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Sunday, October 01, 2017

Women in Business Q&A: Carey Karlan, Last Detail | HuffPost - Huffington Post's Contributor platform

Photo: Laura Emily Dunn
"Award-winning interior designer Carey Karlan is the principal of design firm Last Detail, located in Darien, CT. Carey creates timeless interiors extending from Fairfield and Westchester counties to Manhattan, San Francisco, Florida, the Cape and Nantucket" according to Laura Dunn, experienced communications and digital professional.
 
Photo: Carey Karlan

Carey’s design philosophy embraces the concept of flexibility. Her work has been featured in athome Magazine, New England Home Connecticut, Cottages and Gardens and the Stamford and Greenwich Magazine. Carey is a two-time winner and finalist of the A-list awards, athome’s premiere home design competition as well as a finalist for CTC&G’s Innovation in Design award and speaks frequently on the subject of Interior Design.

How has your life experience made you the leader you are today?
Although I was a pampered only child in all material aspects, my father held me to high performance standards in everything I voluntarily undertook such as tennis lessons or being class president in Junior High. When that “Presidency” was not going well and I was making excuses for not getting much accomplished he allowed me no slack and insisted I take full responsibility. It felt shockingly cold at the time but the lesson stayed with me.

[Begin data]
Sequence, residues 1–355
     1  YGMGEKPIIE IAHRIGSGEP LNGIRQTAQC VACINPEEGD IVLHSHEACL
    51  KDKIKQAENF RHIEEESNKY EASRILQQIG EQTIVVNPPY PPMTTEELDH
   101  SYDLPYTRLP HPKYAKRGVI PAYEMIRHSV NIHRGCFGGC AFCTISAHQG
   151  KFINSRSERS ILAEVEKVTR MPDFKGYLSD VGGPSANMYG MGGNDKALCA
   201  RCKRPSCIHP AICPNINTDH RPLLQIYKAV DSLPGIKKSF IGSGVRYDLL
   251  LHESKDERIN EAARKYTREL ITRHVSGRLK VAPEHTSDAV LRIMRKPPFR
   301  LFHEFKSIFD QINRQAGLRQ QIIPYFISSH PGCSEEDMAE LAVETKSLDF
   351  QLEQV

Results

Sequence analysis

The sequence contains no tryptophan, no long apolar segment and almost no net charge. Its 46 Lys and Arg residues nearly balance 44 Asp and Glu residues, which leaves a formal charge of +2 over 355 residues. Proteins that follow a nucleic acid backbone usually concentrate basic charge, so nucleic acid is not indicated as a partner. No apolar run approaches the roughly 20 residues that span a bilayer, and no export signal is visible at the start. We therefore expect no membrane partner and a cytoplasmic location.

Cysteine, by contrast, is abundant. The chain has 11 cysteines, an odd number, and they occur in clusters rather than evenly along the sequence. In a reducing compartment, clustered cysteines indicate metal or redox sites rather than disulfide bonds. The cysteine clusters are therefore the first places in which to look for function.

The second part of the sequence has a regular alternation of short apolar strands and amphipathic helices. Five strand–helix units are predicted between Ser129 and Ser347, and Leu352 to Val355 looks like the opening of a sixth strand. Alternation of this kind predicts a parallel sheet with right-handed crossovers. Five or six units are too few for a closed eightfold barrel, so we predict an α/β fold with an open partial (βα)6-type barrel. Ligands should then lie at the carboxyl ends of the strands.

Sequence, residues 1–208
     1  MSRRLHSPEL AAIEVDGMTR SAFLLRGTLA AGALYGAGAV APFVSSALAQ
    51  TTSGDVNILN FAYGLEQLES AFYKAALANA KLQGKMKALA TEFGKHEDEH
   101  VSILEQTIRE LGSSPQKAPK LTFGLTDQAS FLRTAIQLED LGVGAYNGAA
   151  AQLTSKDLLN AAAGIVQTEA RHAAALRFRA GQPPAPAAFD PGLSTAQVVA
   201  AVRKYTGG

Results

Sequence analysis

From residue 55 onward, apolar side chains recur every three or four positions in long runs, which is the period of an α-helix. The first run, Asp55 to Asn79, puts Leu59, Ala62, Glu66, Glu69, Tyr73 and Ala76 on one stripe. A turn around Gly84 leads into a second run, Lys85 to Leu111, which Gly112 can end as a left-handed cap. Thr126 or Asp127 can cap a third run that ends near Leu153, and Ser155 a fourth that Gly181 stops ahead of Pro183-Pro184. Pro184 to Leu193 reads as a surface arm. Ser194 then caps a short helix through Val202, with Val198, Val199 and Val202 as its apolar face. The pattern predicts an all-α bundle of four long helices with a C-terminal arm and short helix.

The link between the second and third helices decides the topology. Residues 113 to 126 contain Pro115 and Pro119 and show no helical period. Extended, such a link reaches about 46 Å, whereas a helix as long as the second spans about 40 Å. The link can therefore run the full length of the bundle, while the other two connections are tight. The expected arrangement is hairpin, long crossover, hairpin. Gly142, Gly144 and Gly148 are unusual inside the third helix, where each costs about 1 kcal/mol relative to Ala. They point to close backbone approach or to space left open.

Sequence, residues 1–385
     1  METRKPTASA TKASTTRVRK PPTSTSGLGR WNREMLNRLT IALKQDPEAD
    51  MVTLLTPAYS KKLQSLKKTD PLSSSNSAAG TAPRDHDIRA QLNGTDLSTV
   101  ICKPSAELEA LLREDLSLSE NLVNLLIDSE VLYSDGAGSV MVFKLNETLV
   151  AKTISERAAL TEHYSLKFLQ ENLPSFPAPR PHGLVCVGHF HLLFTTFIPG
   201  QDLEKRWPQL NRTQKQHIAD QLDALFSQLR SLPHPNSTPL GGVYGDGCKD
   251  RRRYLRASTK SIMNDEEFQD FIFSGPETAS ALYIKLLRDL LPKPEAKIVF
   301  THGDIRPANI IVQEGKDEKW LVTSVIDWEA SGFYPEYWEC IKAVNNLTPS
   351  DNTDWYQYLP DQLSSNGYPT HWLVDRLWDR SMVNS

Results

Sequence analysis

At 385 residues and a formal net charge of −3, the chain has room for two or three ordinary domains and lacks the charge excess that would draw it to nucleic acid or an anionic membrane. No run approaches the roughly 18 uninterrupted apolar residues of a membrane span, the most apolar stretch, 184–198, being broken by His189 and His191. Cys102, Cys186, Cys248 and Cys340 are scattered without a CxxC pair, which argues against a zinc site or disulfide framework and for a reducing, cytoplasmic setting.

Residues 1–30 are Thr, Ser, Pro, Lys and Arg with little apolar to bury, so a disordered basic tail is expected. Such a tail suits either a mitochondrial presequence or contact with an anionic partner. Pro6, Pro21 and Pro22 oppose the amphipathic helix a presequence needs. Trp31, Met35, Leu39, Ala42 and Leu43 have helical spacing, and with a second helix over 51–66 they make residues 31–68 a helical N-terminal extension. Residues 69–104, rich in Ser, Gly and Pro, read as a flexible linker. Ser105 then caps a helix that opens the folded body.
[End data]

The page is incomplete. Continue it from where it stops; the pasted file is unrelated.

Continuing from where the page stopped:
A little adversity can be a good thing. After a difficult divorce and with 5 young children in tow I struggled financially. I did what I had to do: took in sewing, started a new career and just generally survived. I was tougher than I thought and took a lot of pride in making it all work. There is very little satisfaction in victimhood, it feels much better to succeed and be happy! 

How has your previous employment experience aided your current role?
Before I started my second career in design I was a VP at Katz Communications managing a group that sold television time. There were few women in the field at the time at that level and the climb was not easy. Women endured levels of sexism that would be inconceivable today! But honestly that never really bothered me and at the end of the day I think performance wins out—particularly in a sales environment.

Vital lessons learned concerned developing good client relationships through constant, effective communication, managing up in internal office affairs, being bold in “putting yourself out there” for promotions, orders and whatever else you want. Presentation skills are vital in any industry and a sales background certainly hones those skills...

What do you think is the biggest issue for women in the workplace?
I may not win any friends here but I honestly don’t believe discrimination is a big issue in most fields if you do a superb job and put the time in. An inescapable issue is that women often need to take time off to have children (I had five including triplets). Interior design can actually be a good field for women as it offers flexibility and some control over work flow...but you have to be in it to win it.

How has mentorship made a difference in your professional and personal life?
I have had generous mentors in both of my careers. The best mentoring relationships are spontaneous and voluntary in my opinion. 
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Source: HuffPost


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